Podthoughts by Colin Marshall: Bad at Sports

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Vital stats:
Format: “contemporary art talk”
Duration: an hour, on average
Frequency: weekly
Archive available on iTunes: all

As a title, Bad at Sports [RSS] [iTunes] was funny, I’m sure, for at least 150 episodes. As for the following 120, I wonder. It’s a podcast about art, so the truth of those words is undeniable — if you’re looking for common ground among art students, that scrap may be as common as they get — but the observation seems less sharp than it could be. As with what it names, I find myself both impressed on the conceptual level and slightly disappointed by the muddle on the practical one.

Let’s be clear: this is a damned ambitious show that more than delivers on its promise. That promise, specifically, is of “contemporary art talk,” and boy, is there some contemporary art talk in here. Each weekly episode comes nears or exceeds an hour, delivering long-form conversation with an individual artist or a set of associated artists (or curators or critics or professors or what have you) plus extra segments on various goings-on in contemporary art. Though Chicago-based, the empire of Bad at Sports contributors seems to have reached both coasts of the country as well as into the wider world. There’s a lot of parochialism in podcasting; to see it a bit of, er, tri-coastalism, let alone internationalism, is heartening in itself.

The show also strikes a blow — has struck many blows, ever since 2005 — for the interview of substance. Occasional bouts of distractingly glitchy editing aside, the conversations adhere to both the rhythms and durations of, y’know, actual conversation. The correspondents’ enthusiasm for the works of and concepts in visual art under discussion is usually obvious, as is their genuine desire to hear and learn from the answers to their questions. (You’d be surprised how rare this actually is in the interview-y arts.) They’re not afraid of digression, either, which may lay some conversations defenseless to charges of indiscipline, but which — by definition, I suppose — takes them in delightfully unpredictable directions.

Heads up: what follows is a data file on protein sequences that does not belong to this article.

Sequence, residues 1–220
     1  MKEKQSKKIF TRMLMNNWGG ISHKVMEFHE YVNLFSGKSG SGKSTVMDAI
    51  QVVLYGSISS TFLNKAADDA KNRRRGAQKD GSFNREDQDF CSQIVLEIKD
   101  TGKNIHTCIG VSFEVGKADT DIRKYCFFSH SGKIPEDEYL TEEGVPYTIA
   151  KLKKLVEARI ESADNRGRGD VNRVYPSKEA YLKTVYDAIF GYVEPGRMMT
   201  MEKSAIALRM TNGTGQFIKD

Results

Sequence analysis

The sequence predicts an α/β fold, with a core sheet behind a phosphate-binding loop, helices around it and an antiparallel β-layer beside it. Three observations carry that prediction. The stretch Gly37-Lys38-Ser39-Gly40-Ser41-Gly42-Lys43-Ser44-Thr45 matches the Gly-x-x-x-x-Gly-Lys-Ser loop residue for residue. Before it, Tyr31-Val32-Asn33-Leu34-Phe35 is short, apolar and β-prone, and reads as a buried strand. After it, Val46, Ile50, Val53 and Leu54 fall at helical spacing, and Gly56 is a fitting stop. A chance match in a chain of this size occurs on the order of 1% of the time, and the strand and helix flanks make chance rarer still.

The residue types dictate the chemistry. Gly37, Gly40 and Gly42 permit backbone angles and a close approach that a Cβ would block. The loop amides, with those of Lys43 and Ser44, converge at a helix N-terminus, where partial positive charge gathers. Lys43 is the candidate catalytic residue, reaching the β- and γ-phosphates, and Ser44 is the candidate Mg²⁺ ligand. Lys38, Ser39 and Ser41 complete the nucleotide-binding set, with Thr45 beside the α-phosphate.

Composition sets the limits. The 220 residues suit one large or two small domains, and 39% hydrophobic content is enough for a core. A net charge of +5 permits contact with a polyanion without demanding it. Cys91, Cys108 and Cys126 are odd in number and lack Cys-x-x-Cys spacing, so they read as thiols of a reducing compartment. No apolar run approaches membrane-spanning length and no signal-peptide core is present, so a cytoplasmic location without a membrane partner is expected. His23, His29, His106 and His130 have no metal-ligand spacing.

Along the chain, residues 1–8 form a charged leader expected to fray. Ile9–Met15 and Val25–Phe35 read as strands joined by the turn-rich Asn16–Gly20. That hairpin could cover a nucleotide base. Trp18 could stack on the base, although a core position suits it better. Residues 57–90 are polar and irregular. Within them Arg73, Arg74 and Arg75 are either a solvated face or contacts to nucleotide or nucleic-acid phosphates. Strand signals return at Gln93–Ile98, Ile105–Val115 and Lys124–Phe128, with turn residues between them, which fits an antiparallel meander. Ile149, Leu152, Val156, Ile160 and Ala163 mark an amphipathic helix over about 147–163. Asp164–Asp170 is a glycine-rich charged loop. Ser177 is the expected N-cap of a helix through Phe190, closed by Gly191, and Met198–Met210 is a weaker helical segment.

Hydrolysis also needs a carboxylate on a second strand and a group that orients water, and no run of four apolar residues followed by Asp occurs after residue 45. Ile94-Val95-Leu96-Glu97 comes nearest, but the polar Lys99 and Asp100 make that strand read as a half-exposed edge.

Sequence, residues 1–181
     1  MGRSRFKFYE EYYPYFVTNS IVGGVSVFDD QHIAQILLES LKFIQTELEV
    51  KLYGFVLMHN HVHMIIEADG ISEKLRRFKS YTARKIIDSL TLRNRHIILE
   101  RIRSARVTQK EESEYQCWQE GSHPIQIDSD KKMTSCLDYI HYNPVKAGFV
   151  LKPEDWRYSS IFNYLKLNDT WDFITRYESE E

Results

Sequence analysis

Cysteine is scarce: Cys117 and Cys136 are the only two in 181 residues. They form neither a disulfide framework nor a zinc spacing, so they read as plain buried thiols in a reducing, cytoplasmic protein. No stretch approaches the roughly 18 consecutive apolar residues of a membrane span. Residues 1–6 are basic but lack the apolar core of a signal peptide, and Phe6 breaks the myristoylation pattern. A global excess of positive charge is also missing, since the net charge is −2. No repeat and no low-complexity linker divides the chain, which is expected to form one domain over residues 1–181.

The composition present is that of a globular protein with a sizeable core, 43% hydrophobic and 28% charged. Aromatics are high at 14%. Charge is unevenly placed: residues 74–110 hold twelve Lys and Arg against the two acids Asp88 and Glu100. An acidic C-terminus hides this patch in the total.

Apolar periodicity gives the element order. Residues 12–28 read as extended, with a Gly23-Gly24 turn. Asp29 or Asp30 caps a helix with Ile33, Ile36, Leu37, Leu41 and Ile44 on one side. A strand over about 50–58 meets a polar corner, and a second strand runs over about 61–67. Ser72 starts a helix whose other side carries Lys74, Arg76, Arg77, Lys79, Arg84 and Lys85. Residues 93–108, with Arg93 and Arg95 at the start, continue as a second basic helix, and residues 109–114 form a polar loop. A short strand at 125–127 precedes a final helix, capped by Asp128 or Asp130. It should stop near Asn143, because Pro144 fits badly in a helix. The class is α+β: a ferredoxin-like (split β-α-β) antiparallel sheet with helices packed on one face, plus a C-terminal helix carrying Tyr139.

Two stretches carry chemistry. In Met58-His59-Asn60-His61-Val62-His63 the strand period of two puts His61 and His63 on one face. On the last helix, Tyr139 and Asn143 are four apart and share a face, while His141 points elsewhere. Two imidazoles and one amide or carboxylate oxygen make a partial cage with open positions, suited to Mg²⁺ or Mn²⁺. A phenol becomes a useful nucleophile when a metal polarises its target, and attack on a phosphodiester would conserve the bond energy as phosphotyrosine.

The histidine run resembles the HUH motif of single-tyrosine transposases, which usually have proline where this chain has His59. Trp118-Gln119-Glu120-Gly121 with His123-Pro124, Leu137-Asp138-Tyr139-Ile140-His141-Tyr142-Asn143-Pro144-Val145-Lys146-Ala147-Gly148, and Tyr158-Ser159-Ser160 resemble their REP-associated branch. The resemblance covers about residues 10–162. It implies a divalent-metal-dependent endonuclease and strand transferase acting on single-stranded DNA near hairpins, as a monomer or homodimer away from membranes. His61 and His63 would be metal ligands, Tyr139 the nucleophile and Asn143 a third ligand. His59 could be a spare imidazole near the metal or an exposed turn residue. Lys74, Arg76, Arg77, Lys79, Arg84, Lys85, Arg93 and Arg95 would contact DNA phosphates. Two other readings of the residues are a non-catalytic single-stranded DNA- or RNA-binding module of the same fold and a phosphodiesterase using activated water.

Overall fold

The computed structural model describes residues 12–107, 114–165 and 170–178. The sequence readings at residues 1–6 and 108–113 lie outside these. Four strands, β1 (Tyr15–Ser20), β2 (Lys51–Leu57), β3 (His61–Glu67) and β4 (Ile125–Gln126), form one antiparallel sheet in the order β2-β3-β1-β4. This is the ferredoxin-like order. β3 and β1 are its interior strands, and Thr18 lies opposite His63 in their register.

So far, this sounds like a pretty perfect podcast — a “Triple-P”, I call it — especially if you happen to be into the visual arts. Yet there’s a problem with the execution, a wily and amorphous one, that I’ve been trying to pin down for quite some time. At this point in my examination of the program, I can only conclude that it’s the same syndrome that afflicts contemporary art conversation in general: nobody’s quite sure how seriously they’re supposed to be taking it.

The Bad at Sports crew ostensibly takes pride in their ability to flip back and forth between the concrete and the abstract, between deep critical discussion and fart jokes. There’s no doubt that they can do that, but the transitions aren’t seamless; they’re marred by the low-level but ever-present discomfort of someone out at sea and only somewhat sure what to do about it. They talk to an astonishing variety of today’s artists, most of whom sound as if they are or could be doing interesting things, but lingering, unsettling issues about the value, relevance, direction of the entire artistic enterprise sap the edge from their confidence. “Oh, should I be asking you about how you actually make your work?” they seem to be thinking. “Or is that dumb? Should I be asking about the theories behind it? Or wait, does none of this matter? Should I make a fart joke?”

This isn’t always a dealbreaker, though, and it’s entirely possible that I’m reading too much into a slight uneasiness. To be honest, I could simply be projecting the epic frustration I harbor about the nutritionless mash of verbiage that often passes for assessment in contemporary art, or, worse, the tenure-hungry academic yammer about Gender (Dis)loc[a/u]tion that’s staggered on, zombielike, since 1992 or so. Bad at Sports is actually a bit better about keeping such nonsense out of this show than most venues in the wider art conversation, but that’s a low bar. It seems to be the show is enough of a force to get down to work on the noble task eradicating it entirely.

[Podthinker Colin Marshall also happens to be the host and producer of public radio’s The Marketplace of Ideas [iTunes], the blogger of The War on Mediocrity and the writer of The Ubuweb Experimental Video Project.]